Tuesday, 2 September 2014

Flash Fiction Challenge - The Merciful Chasm

1500 words

Flash Fiction Challenge

"The Merciful Chasm" began from what you see above but I was too tight to the deadline and decided to give it a miss in order to avoid the pressure of writing to a deadline.

I've never written to a deadline before.

I had a go, however, (better late than never, right?!) and this is what an hour left me with... What do you think?

The Merciful Chasm

She grew up. She had to have. She was bigger, larger now than she was before, her legs longer, her hips wider.

But when did it happen, she often wondered, for she was certain it hadn't happened while she was looking, while she was awake.

She didn’t sleep much so that confused her even more.

She woke each morning, in her strange bed, in her strange room and checked her body. She counted each finger and each toe, flexing them each in turn. The same pattern every morning, even before she opened her eyes.

She felt blessed she had all of her digits and that they all worked and though the feeling was overwhelming, she had no idea of the source of the emotion.

After her ritual counting, she rose, took a sip of cool water from the pitcher beside her strange bed, undressed and walked across the sparsely furnished room to the large mirror on the opposite wall.

Here she watched her reflection for a moment, struggling to remember how she’d come to be here, struggled to remember what her story was.

She whispered to herself “Your name is Kay. You are 37 years old.”

She then stretched, turned and manipulated her body into every shape she could imagine. It had been a few weeks since she’d discovered any new ones so, lately, this had become as ritual as her counting.

Once she was satisfied that everything moved the way it was supposed to and felt as it should, she would examine the scar that traversed her midsection. The scar started beside her right breast, under her arm and ended over the small crest of her left hipbone. It was almost exactly three times the length of her hand, from the base of her palm to the tip of her middle finger. She had no official measuring device available in the room but felt that this was sufficient for her mental checklist.

The scar, now a delicate pink and significantly less puffy than she’d ever remembered it being, tingled when she stroked down its length. She felt an odd aching whenever she did this but couldn’t pinpoint a specific location on her body that suffered. She would closer her eyes and stroke the scar, her mind sensing the ache more than her body.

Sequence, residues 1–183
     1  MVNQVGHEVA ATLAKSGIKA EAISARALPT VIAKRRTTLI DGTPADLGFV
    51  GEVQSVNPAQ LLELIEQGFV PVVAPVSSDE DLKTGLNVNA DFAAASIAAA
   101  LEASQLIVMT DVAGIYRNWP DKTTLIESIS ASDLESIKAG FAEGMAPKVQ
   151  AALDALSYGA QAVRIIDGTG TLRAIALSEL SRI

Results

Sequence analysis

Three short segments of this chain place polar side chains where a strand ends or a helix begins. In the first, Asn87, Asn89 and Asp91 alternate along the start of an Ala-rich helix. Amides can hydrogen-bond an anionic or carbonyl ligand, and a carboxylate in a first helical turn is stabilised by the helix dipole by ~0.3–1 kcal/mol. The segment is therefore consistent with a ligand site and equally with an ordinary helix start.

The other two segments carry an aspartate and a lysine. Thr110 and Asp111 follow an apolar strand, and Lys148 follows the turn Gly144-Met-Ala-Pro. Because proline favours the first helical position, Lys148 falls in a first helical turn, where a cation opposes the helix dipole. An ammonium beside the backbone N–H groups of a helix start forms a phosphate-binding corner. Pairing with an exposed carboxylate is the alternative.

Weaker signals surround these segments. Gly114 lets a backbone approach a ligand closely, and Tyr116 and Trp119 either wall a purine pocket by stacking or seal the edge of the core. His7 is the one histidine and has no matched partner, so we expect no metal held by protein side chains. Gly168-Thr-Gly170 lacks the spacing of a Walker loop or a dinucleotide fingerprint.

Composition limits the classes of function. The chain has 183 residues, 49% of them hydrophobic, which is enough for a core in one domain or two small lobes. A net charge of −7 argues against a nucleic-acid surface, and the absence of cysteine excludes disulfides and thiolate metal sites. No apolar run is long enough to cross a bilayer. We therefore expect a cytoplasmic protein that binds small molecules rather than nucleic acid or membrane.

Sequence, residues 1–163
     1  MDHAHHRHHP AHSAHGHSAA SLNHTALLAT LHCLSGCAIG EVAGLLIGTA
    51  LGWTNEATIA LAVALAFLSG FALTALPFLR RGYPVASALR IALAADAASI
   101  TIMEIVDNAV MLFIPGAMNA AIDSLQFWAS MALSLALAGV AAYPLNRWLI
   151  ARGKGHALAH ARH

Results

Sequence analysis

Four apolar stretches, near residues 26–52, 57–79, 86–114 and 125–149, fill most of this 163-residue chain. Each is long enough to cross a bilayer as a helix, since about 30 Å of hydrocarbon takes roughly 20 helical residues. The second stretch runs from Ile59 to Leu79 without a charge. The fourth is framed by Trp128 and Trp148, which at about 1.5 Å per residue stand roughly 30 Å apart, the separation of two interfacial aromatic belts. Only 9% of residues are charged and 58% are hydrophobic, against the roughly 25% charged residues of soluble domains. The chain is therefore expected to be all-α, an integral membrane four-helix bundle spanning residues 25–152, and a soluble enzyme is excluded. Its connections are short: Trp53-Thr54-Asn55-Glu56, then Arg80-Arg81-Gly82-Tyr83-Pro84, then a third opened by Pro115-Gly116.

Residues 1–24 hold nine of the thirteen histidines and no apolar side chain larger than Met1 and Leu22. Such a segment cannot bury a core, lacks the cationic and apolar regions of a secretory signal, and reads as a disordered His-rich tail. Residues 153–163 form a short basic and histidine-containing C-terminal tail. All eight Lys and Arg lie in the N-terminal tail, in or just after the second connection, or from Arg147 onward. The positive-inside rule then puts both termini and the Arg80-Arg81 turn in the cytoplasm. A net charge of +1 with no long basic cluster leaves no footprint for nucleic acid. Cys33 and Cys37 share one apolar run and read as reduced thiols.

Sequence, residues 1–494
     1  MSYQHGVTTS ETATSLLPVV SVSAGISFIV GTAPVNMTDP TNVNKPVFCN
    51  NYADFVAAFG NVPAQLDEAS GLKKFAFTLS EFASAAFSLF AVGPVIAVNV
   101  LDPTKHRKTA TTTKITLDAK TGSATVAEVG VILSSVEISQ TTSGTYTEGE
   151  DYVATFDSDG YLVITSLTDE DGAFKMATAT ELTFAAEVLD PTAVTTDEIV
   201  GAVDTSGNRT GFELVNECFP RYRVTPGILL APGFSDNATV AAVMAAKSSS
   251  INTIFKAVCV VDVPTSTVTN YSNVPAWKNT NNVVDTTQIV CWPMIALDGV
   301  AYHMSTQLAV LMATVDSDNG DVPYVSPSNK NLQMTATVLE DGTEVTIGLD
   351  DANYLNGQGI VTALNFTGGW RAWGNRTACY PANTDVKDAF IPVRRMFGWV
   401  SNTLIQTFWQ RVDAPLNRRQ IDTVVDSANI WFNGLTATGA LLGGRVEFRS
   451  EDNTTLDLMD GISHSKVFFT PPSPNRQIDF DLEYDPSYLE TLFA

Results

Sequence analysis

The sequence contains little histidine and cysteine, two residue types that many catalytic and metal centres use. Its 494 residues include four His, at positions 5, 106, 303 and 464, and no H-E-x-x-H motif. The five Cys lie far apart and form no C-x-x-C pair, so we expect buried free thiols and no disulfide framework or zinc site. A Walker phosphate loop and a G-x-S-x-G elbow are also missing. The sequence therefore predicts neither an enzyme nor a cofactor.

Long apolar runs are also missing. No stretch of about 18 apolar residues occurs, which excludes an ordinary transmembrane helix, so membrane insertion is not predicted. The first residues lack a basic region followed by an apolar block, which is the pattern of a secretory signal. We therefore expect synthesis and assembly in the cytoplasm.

Sometimes stroking the scar would make her cry.

Her days were filled with routine and ritual. Wake. Count. Undress. Stretch. Stroke. Shower. Dress. Wait. Eat. Chat…

Breakfast was never anything exciting. It arrived with no conversation (but oh, how she’d tried to engage!) and the delivery person would take away her dirty clothes after setting the tray of food onto the table in the centre of the room.

Today she had the choice of two boiled eggs with some brown toast or some unnamed sweet oats the temperature of a tepid bath. She didn’t enjoy this part of her routine but had come to understand that only once she’d finished eating (“And politely, thank you!”) would she be allowed her first companionship of the day.

She finished the eggs and toast, having replaced the lid on the oats as quickly as she’d lifted it to check its contents, and wiped the corners of her mouth with the rough paper napkin that arrived with the tray. She remained seated at her small table, her hands folded in her lap.

On schedule (45 seconds after she’d placed her hands in her lap) the door to the room opened again and the same person entered, took the tray from the table and left with it but left the door open behind them.

Her hands fidgeted slightly, a little restless in her lap, as she waited, her eyes fixed on the open doorway. She reminded herself not to move, to remain as still as possible lest the door be closed once more with her visitor on the outside of the room rather than within.

Mercifully, she waited less and less for her guest each day though there were still some occasions when the door would be closed immediately after her tray was taken or she’d have to wait a long time, only for the door to be closed anyway.

She hated those days but wasn’t sure why.